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Published on 17/10/2023
Metal particles are usually not water soluble and nanoparticles of metals and metal oxides tend to agglomerate. Surface modification can prevent particles from sticking together and render their properties to biocompatibility. Improving mechanical stability, enabling or disabling self-organization are further aspects in this context. An interesting and new field is decorating inorganic materials with linkers bearing further reactive functional groups for subsequent attachment of peptides, enzymes or antibodies to facilitate applications like catalysis, chemical sensing, bio-labeling, monitoring of protein-protein interactions, affinity binding, or cell growth trials. In this blog, we focus exemplarily on precious metal and metal oxide nanoparticles.
The number of applications of organosulfur ligands on gold nanoparticles is already very high, as gold is tolerated by organisms and is a very good vehicle for any cargo molecule. Sulfur possesses a high affinity to various metals besides gold, such as silver (Ag), copper (Cu), platinum (Pt), mercury (Hg), or iron (Fe). The metal-sulfur bond is strong enough to immobilize mercapto ligands on the metal surface, however, the monodentate dative thiol-metal bond is not as strong as a true covalent linkage in organic compounds. The chemisorption energy between gold and sulfur is approximately 125 kJ/mol and when sulfur is oxidized to sulfate or sulfonate, the interaction is significantly reduced. Any thiol organic compound may, therefore, leave the surface, if exposed to oxygen in air or solution. It is then also subject to displacement by other thiols or molecules with good nucleophilic donor centers.
Monothiols can be readily removed by reducing agents such as DTT (Cleland’s Reagent) or phosphines like TCEP. To increase the strength of thiol dative bonds, bidental or multivalent ligands can be used. The disulfide lipoic acid (also known as thioctic acid) binds far stronger to metal surfaces and is much more resistant towards removal from the metal surface by DTT and similar reagents than monothiols. An additional benefit is that stench is often operative for monothiols, while lipoic acid derivatives have no odor.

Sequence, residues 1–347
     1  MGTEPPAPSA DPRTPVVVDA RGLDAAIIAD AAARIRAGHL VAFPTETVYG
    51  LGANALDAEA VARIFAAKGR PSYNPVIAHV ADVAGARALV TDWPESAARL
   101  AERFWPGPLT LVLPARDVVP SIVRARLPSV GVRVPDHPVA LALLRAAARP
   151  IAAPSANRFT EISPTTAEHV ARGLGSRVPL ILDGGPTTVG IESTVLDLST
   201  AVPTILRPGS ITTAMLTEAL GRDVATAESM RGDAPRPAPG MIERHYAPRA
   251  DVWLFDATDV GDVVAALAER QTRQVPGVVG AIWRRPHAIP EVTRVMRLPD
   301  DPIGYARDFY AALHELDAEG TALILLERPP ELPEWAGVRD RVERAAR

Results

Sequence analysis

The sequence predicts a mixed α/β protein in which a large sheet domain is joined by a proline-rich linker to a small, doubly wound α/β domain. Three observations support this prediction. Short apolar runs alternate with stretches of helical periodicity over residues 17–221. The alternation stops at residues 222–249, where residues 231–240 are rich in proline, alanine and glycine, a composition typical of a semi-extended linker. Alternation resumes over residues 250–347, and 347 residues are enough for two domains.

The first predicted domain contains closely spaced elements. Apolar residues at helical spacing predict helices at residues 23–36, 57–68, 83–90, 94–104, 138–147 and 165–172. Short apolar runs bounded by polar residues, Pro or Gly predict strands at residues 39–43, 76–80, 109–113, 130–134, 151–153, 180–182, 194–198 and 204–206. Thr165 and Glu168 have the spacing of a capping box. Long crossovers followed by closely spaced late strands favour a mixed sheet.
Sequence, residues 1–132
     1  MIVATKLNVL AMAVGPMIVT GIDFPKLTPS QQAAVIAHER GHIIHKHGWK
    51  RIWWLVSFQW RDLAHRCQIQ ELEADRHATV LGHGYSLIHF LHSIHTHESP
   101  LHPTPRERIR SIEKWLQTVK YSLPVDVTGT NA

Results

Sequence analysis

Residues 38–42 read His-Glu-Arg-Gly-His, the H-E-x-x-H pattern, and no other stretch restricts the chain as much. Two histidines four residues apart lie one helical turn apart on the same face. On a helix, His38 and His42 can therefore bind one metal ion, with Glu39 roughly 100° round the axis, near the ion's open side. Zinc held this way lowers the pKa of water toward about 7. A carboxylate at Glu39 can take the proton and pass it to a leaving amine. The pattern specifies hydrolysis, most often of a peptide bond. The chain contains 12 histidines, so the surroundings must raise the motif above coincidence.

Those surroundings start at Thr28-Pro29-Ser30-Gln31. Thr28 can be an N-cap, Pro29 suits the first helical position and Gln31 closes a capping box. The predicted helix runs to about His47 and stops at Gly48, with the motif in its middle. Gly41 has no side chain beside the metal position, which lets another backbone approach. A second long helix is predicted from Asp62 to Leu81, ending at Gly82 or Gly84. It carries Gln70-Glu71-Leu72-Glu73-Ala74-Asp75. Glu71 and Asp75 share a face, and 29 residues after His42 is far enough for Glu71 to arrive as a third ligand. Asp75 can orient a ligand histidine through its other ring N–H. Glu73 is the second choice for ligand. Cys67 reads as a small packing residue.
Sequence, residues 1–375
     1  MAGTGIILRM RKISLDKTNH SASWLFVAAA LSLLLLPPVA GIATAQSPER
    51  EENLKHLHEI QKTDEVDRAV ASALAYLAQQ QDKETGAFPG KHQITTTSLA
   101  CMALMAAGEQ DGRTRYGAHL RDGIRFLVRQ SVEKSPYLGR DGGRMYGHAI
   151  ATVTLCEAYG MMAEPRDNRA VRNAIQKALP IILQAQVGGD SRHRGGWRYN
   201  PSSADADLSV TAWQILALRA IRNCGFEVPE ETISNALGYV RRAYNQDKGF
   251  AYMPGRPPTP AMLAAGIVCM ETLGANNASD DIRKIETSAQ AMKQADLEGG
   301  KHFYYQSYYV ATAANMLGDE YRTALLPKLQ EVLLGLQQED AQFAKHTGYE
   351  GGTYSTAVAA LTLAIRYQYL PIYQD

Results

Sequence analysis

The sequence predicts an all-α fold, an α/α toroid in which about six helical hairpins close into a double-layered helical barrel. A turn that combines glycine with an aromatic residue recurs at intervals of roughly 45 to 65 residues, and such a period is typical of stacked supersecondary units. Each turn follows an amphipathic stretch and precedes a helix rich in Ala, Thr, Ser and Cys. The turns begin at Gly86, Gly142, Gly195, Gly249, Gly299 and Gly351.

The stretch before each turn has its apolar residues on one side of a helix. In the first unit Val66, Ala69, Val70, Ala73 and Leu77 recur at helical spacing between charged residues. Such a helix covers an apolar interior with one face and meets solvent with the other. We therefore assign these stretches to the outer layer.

Organic thiols and disulfides form dative bonds on gold surfaces. They can effectively be released with DTT or phosphines like TCEP. A stronger bond is formed with vicinal disulfides like in lipoic acid, which requires reductive activation, e.g. with NaBH4, before it binds very tightly to the metal layer.
To attach a lipoic acid (LA) moiety carrying linker, it has to be reduced to dihydrolipoic acid (DHLA). Both TCEP and NaBH4 can been used for reduction of LA to DHLA. In general, TCEP reduction is carried out in water or aqueous buffer (excluding phosphate, in which TCEP is unstable), in threefold or greater molar excess to the lipoic acid derivative, using an incubation temperature of 25°C to 50°C, for about 1-2 hours. However, each reduction procedure must be optimized for the particular lipoic acid derivative.
Silver nanoparticles are strong light absorbers and light scatterers, and they also display anti-bacterial and anti-viral properties. To render them hydrophilic and water suspendable, they can be coated with a self-assembled PEG monolayer (SAM). PEG linkers impart hydrophilicity, non-antigenicity, and non-immunogenicity to nanoparticles. Carboxy-PEG-lipoamides or -thiols will specifically introduce carboxy functional groups on the surface. A co-coating with methoxycapped PEG thiols creates a water-like monolayer shell bearing a certain number of reactive carboxylic acid functions on the metallic surface. The density of reactive groups can nicely be finetuned by the ratio of methoxy-PEG- to carbyoxy-PEG-thiols. This becomes essential if interaction with large molecules like proteins and antibodies is expected.
Organic thiols form dative bonds to silver surfaces. With a mixture of (a) methoxy end-capped PEG thiols and (b) PEG thiols carrying carboxylic acid functions, a self-assembled monolayer (SAM) can be implemented on the silver surface, where the density of carboxylic acid functions can specifically be designed by the ratio of the different PEG starting materials.